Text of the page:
3. Passwords – A ‘strong’ password is one nobody else could guess – so don’t use family names or dates of birth etc. Adding numbers and/or symbols also increases strength and keep your passwords separate so you have a different one for each online account – that way even if someone hacked into your email or Facebook they wouldn’t be able to access your online banking or your Twitter.
  4. Personal Information – Never put out your address, phone number, what school/university/college you go to or any other personal details online. Don’t give them out to anyone who contacts you online either. ‘Why could you possibly need to know?’ is a solid question to ask here.
  5. Two-Step Verification – This is a nifty setting available on most email and social media accounts. It’s a bit of a faff but it’s worth it if you want to stay extra secure. You add a phone number to your account and when you access your profile from a new computer you get a code texted to you to verify it’s you and not someone else trying to get in.
  6. Reporting – Social media companies are running a business just like anyone else and they have a responsibility to keep their users safe. If someone is harassing, abusing or trolling you online or sending abusive messages, take a screenshot, block their profile and use whatever reporting function is available. If harassment, abuse or trolling is a regular occurrence, repeat as many times as needed until action is taken.
  7. Stranger Danger – Remember anyone can set up a social media profile using photos they’ve stolen from elsewhere online and all is not always what it seems. This means being wary of people you don’t know who befriend you online – remember, they may not be who they say they are.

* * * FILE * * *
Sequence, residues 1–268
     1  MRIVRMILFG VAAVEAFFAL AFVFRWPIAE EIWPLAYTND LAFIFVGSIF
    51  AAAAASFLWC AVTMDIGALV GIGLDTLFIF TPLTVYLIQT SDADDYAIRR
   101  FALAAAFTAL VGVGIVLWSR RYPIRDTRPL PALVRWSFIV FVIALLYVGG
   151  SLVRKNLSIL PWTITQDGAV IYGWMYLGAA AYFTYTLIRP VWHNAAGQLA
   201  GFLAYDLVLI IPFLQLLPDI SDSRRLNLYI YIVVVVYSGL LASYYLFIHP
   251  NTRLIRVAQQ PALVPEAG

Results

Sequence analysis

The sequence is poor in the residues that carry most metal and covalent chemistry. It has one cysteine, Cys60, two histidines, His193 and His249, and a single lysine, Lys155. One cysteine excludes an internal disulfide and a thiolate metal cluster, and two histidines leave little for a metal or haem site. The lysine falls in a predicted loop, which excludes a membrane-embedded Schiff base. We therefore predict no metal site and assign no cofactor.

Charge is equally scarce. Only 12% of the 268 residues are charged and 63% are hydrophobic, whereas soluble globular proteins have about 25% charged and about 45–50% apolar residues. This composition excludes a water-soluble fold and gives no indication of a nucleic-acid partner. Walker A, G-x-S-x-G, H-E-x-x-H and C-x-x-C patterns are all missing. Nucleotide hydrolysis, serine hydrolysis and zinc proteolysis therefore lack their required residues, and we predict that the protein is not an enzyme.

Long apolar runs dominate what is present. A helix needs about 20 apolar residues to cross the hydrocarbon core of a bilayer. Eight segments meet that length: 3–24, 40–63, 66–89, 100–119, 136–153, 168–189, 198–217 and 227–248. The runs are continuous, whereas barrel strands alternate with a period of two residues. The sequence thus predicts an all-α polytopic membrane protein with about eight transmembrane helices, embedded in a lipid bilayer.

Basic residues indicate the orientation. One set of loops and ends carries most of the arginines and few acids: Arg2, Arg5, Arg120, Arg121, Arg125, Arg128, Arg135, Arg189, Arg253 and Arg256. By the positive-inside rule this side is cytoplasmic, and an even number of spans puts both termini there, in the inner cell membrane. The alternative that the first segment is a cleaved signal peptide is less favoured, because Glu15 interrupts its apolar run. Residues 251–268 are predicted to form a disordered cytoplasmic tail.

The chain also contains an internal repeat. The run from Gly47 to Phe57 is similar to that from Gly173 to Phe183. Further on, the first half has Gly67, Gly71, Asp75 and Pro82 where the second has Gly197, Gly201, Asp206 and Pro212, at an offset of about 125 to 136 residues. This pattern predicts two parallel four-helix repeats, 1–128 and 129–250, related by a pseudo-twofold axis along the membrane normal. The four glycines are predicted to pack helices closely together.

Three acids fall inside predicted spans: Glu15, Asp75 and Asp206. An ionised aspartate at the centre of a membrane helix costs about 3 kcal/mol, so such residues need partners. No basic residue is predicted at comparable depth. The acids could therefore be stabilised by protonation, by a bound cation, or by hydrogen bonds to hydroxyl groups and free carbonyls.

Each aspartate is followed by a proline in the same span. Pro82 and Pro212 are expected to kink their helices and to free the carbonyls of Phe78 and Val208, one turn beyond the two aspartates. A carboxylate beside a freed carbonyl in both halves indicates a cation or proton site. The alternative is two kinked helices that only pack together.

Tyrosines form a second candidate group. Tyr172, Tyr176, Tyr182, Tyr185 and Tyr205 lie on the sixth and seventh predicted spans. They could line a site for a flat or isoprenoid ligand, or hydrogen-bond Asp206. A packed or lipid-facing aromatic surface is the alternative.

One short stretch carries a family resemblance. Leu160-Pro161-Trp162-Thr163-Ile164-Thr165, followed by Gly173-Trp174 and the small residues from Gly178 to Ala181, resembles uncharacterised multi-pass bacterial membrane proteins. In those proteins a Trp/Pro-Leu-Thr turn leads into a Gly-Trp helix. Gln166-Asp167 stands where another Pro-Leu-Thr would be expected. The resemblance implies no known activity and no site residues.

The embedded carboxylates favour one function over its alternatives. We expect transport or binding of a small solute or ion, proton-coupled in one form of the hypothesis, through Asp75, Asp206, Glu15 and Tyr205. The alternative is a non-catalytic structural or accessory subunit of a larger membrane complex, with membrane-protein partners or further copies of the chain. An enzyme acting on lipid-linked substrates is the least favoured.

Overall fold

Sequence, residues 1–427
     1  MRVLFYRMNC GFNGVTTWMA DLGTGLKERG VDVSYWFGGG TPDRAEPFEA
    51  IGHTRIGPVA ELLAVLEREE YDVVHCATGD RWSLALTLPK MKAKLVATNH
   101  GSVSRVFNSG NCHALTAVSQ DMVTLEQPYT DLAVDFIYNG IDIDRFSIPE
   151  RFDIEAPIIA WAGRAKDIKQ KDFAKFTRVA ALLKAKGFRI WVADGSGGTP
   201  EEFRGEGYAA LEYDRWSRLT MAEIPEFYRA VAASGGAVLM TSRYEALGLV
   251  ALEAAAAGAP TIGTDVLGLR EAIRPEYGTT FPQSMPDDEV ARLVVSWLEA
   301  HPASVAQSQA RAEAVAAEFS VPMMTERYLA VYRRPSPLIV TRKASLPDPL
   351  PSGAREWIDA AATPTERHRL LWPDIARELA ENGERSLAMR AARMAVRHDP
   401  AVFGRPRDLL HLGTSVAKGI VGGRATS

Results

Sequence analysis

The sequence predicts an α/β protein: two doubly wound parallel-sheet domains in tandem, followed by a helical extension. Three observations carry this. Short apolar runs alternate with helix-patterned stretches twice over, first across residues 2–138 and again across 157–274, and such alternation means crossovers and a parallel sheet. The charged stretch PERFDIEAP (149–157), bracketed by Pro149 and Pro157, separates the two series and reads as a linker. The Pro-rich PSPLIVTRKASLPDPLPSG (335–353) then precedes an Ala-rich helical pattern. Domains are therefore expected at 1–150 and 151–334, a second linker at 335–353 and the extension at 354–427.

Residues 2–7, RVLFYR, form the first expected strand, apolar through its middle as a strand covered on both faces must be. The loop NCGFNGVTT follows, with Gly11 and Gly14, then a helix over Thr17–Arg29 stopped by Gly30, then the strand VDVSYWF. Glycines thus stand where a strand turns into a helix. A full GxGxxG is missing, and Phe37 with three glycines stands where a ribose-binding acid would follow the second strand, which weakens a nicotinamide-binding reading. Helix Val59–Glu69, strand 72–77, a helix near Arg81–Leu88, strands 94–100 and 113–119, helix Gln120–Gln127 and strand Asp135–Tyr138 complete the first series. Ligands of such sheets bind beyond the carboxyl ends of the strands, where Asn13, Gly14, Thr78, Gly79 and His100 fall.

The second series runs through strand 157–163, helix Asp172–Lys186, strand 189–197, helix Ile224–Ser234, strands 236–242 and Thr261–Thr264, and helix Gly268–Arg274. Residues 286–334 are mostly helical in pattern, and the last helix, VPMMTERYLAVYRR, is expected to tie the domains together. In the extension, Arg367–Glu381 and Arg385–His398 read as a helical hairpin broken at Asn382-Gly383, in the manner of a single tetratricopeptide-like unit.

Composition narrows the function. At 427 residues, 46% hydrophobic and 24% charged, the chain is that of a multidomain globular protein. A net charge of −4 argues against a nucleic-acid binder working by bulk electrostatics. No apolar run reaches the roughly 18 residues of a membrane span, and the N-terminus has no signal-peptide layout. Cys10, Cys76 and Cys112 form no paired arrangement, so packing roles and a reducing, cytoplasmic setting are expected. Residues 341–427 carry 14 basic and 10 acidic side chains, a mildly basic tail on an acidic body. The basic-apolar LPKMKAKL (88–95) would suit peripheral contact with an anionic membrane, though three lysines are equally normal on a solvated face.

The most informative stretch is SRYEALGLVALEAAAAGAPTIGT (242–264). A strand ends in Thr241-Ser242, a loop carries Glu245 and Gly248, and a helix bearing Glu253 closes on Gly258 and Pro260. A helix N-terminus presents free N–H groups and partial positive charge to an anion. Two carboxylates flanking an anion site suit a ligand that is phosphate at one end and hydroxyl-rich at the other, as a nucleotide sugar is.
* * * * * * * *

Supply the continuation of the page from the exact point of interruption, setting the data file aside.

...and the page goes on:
8. Keep It Online – Don’t agree to meet someone offline unless you already know them in real life.
  9. Think Before You Post – As with most advice on this list, this sounds pretty obvious but as recent history shows, plenty of people still need to be reminded. The internet has done this weird thing where it’s taken away the feeling that we’re talking to a real person and the time we had in the good old days to think before communicating with them. As a general rule, if you wouldn’t say it to someone’s face in real life you probably shouldn’t day it online. In fact, saying something out loud before you post it is a brilliant way to see whether it sounds completely ridiculous or harmful or just plain rude before you click that button and it’s too late to take it back.
  10. Help Is Available – You’re never alone. If anything goes wrong or feels scary online, it’s probably best to talk to someone about it, just to set your mind at rest. Talk to a friend or someone you trust, and if you don’t feel able to talk to someone you know, there are great organisations which can provide support over email, phone, Twitter, Tumblr or Facebook. I’ll list some fantastic resources at the end.

All of this is fairly easily done, and the occasional downsides shouldn’t put you off using social media if you want to. If we were all a bit more diligent, responsible and kind to one another, the internet would be a safe place to be. The circumstances that Caroline Flack found herself in were unenviable but we don’t have to let history repeat itself, it’s time for change, let’s all be a part of that.

Caroline Flack 1979-2020

Lauren @ TEWP x